World trade and open markets strengthen competitiveness and could reduce the price of food. Nevertheless, fair trade is of utmost importance for the EU in order to compete with the same production methods and rules with third countries. Non-tariff barriers could jeopardise international development. In the various and numerous solutions to achieving global food security, trade has its role to play as regards increasing agricultural exports.


Nevertheless, the CAP and trade policy should enable European producers to compete on a level playing field with imported products. Therefore, the EU should require that imported products meet the same standards.

European budget


Historically the CAP has been financed at European level. The CAP accounts for an important share of the EU budget (38 % in 2015), but amounts to only about 0,4 % of European public expenditure. The CAP budget is lower than its US or Chinese equivalents. Moreover, it has been stable or decreasing for several years, in spite of EU enlargement. The CAP has to respond to the many important challenges it will face in the future; it is necessary therefore to increase the budget for agricultural policy at European level.


Specific aspects of the European budget, such as annuality, represent a huge constraint for CAP design. Mutual funds or crisis measures are limited by these constraints. Furthermore, budget distribution is a source of political tension and could result in inefficiencies.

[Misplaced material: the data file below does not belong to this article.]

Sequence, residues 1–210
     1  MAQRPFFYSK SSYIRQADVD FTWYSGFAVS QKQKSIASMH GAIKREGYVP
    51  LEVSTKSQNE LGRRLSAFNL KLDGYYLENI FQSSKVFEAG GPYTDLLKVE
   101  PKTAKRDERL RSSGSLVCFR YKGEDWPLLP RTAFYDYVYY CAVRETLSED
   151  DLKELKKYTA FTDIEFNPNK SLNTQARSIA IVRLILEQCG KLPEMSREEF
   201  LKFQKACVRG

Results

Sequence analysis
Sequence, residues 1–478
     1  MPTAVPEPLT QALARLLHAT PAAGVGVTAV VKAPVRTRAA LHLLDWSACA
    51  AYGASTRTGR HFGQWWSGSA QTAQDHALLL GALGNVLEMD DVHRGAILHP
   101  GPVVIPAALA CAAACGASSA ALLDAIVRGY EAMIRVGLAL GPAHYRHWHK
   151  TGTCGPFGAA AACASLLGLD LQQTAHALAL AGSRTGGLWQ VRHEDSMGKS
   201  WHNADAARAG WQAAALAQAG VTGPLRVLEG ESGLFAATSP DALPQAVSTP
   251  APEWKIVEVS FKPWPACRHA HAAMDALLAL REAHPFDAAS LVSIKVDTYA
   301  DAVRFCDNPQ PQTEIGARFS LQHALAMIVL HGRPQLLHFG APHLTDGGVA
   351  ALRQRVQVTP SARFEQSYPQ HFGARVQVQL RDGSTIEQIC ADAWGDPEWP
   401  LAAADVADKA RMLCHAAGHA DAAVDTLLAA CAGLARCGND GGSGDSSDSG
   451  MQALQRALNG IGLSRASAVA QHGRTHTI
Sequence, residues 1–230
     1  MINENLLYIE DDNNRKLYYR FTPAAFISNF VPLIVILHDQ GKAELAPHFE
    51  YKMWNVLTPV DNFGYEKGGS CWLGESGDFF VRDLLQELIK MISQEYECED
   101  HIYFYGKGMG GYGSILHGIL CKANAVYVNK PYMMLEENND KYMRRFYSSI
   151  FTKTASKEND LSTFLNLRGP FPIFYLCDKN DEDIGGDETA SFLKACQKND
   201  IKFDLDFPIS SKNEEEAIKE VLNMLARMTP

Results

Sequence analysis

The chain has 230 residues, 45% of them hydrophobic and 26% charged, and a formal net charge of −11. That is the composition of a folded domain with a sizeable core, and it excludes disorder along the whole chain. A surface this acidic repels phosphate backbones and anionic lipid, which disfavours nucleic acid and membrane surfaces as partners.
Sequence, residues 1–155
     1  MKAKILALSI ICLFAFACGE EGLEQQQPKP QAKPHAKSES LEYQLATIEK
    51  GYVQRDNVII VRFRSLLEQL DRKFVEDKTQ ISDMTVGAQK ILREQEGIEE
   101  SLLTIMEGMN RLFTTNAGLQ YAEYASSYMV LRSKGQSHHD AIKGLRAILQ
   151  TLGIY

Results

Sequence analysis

Simplification has been a priority for many years in the CAP and particularly in the first years of implementation of the 2013 CAP reform. Nevertheless, simplification should be the first underlying priority for the next reform. In particular, adequate controls and proportionate sanction systems should be improved. Currently, payment reductions for greening and cross compliance measures can be unreasonable and disproportionate. It is of the utmost importance to ensure the timely payment of direct supports.

Structure of the CAP


For the past decades the structure of the CAP has been based on two pillars. While the pillar I is entirely EU-financed, pillar II is co-financed and adapted to each Member State’s needs by means of multiannual programmes. The diversity of Member States and regions and their different needs requires that the two pillar structure be retained in the future CAP.

Preparation for CAP post-2020


In its 2017 work programme published on 25 October 2016, the Commission states that it will work and consult widely on the simplification and modernisation of the CAP to maximise its contribution to the Commission’s ten priorities and to the Sustainable Development Goals. It is important that European civil society is actively involved in this process.

Brussels, 15 December 2016.

The President of the European Economic and Social Committee

Georges DASSIS

(1)  Point 2.14 Council Conclusions, 23-24 October 2014.